APPENDIX I

Schematic Summary of Belgium’s Geographical Organization

Regions and provinces

A region is a geographical entity:

Region of Brussels-Capital.

Flanders comprises the five provinces of Antwerp, Flemish Brabant, West Flanders, East Flanders and Limburg. The Flemish region and community were merged at the beginning of the 1980s.

Wallonia comprises the five provinces of Walloon Brabant, Hainaut, Liége, Luxembourg, and Namur.

Note: On January 1, 1995 the province of Brabant was split into the provinces Walloon Brabant and Flemish Brabant, together with the Brussels Capital Region.

Communities

A community is a group of people (not a territory):

The Flemish community is the community of the Dutch-speaking people of the Flemish region and of the region of Brussels-Capital.

The French community is the community of the French-speaking people of the Walloon region and of the region of Brussels-Capital.

The German-speaking community is the community of the German-speaking people of nine communes located in the Walloon region along the German border.

F10

Belgium: Geographical Organization

Citation: IMF Working Papers 2002, 134; 10.5089/9781451855616.001.A001

Source: FOTW GeoIndex Maps and boundary data, http://www.crwflags.com/fotw/flags/be(r.html#mapNote: The boundaries, colors, denominations, and any other information shown on this map do not imply, on the part of the International Monetary Fund, any judgment on the legal status of any territory, or any endorsement or acceptance of such boundaries.

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1

I am grateful to Robert Ford and Antonio Spilimbergo for innumerous discussions and suggestions. Axel Behrens provided important clarifications of Eurostat data definitions. All errors and omissions should be attributed solely to me.

2

The coefficients of variation refer to units of observation at the NUTS3 (nomenclature of statistical territorial units) level. For Belgium, these are within province-level units of observation, a definition close to “metropolitan areas.” The order of the countries in Figure 1 is virtually unchanged if aggregation at the province level (NUTS2) is used.

3

The participation rate is the sum of employed and unemployed people (the labor force) divided by the working-age population. When referring to participation for Belgium, the regions, and the provinces, the working-age population is assumed to be between 15 and 75 years old, in line with Eurostat practice. However, for employment rates (the ratio of those employed to the working-age population), a working-age population of 15–64 years old is used, also in line with Eurostat practice (to match the definition used in European summits).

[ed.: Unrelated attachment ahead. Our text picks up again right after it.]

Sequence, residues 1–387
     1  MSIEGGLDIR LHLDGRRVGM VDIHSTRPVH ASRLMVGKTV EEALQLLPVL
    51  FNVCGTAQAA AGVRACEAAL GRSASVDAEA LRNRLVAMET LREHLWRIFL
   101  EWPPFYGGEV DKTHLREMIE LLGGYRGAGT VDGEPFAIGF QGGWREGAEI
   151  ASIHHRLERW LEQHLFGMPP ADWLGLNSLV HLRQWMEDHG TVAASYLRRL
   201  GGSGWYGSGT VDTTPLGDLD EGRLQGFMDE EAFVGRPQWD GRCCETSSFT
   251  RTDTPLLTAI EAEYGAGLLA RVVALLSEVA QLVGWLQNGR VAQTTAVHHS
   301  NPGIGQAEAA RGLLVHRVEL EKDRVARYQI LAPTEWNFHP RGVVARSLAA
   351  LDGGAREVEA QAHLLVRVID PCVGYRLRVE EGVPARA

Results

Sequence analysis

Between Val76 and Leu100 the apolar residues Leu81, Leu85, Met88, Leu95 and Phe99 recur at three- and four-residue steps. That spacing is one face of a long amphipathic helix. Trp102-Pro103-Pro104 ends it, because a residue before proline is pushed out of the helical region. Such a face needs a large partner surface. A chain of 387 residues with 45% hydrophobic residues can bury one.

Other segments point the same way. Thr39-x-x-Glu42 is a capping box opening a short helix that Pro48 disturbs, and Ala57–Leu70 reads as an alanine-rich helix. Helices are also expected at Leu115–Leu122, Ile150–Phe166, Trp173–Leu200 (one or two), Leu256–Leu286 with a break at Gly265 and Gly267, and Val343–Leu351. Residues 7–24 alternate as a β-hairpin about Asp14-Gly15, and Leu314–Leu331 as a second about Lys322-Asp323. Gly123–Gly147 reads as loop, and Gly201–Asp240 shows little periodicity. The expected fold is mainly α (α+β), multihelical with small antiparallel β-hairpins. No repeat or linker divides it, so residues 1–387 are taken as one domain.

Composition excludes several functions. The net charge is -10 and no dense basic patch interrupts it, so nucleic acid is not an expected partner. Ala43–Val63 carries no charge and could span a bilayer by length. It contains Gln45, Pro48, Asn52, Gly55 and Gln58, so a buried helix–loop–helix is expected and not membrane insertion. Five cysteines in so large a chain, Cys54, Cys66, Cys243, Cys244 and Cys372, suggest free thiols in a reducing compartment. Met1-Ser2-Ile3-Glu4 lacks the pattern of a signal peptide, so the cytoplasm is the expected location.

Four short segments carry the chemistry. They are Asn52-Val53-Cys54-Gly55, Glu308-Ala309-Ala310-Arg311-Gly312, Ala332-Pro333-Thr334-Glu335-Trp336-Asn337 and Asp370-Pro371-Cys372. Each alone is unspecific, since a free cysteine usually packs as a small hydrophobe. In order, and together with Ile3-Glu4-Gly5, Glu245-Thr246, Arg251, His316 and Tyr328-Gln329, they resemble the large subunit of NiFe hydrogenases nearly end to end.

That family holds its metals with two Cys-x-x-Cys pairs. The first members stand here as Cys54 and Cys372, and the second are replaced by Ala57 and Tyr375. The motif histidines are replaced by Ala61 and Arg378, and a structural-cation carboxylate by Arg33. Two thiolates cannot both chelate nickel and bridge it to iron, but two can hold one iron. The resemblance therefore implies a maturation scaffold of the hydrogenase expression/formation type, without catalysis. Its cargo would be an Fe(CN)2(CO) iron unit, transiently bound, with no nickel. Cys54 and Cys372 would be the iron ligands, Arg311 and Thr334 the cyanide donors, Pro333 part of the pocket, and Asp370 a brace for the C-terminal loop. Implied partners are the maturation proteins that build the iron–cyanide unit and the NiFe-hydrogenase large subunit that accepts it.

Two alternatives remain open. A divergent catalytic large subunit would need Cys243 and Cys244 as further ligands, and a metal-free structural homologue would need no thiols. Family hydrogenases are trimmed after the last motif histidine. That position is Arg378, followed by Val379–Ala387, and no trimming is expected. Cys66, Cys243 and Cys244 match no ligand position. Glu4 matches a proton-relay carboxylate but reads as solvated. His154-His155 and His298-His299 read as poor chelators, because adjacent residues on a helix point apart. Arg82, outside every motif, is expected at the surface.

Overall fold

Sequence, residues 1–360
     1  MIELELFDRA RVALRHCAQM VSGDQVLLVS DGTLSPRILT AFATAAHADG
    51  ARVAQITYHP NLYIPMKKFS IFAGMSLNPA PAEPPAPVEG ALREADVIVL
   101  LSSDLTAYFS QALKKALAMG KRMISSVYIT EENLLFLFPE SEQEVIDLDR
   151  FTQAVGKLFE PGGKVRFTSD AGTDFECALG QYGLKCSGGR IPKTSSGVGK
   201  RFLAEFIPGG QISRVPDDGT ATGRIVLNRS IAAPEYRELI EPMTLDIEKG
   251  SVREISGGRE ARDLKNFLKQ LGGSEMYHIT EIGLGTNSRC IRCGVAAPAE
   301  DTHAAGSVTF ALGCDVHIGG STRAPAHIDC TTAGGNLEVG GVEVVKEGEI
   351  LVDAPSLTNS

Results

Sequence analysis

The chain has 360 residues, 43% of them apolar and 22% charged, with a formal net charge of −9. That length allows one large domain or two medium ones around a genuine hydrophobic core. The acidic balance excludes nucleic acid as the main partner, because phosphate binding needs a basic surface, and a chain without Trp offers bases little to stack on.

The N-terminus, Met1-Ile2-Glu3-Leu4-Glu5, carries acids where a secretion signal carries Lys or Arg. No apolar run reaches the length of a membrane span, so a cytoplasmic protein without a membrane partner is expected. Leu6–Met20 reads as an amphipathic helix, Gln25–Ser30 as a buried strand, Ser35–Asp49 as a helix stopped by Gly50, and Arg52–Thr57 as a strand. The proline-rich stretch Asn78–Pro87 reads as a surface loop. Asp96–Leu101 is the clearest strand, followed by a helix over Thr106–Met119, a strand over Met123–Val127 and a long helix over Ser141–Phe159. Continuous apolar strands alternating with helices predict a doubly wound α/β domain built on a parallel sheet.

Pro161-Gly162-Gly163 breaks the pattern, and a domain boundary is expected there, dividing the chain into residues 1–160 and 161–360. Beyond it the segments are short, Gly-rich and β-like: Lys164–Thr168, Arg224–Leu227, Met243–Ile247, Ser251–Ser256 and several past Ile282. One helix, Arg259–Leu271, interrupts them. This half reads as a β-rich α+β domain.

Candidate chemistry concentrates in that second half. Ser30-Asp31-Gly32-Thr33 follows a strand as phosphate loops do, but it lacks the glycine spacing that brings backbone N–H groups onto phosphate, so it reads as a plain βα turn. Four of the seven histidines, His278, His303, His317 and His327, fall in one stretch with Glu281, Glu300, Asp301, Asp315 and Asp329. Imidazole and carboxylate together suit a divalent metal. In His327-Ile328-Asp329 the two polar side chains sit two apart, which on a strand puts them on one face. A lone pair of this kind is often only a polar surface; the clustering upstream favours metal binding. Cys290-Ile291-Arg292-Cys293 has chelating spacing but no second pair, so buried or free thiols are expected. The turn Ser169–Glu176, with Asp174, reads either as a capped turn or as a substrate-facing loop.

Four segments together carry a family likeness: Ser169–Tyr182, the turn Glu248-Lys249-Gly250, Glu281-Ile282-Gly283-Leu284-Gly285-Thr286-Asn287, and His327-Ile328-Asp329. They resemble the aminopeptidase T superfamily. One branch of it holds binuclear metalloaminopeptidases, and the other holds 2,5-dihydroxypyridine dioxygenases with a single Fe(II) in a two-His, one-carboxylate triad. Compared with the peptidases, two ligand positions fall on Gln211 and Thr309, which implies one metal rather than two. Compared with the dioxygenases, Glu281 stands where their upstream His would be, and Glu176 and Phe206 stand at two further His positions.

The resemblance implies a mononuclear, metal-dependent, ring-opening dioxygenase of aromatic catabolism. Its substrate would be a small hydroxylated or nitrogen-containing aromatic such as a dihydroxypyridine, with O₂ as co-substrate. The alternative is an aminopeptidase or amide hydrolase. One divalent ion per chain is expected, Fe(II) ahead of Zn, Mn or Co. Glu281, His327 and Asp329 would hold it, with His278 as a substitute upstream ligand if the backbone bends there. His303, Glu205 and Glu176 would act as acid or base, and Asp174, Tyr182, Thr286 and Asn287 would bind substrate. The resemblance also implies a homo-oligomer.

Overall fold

4

EU averages refer to unweighted averages.

5

Eurostat uses a traditional labor force survey-driven definition of unemployment: individuals without a job that are actively looking for one. Under this definition and using Eurostat data, the ratio between the Walloon and the Flemish unemployment rates was 1.84 in 1995 and 2.67 in 2000. Under the “broader” definition in CREW and IRES (1998) this ratio was 1.48 in 1995.

6

For more detailed information, see Estevão (2002).

7

The first would occur if unemployment gradually eroded general job skills, the second if firms (correctly or not) used the length of unemployment as a signal regarding (otherwise unobservable) employability, and the third if those who remain unemployed longer are just poorer prospects (the better ones having already been hired).

8

This final formula results from, first, using the unemployment definition in (1) to generate P*LFR=N(1u). Second, by taking the logarithm of this expression and differentiating it, one obtains dPP+dLFRLFR=dNN+du(1u). Given that u is a small number, equation (2) is obtained. Note that this approximation yields changes in the unemployment rate which are sometimes significantly different from the actual change (e.g., the calculations for Flanders for the period 1983–2000), but the relative differences across regions were roughly maintained.

9

Labor force growth is the sum of the percent changes in working-age population and labor force participation rate. For Flanders this was 16.5 percent from 1983 to 2000, while for Wallonia and Brussels it was 12.1 percent and 3.7 percent.

10

Total employment growth in each region in Tables 2 and 3 may not match because the underlying data were obtained differently. In Table 2, total employment was derived from information for the unemployment rate and the level of unemployment, while sectoral employment data were obtained directly from Eurostat’s community labor force survey.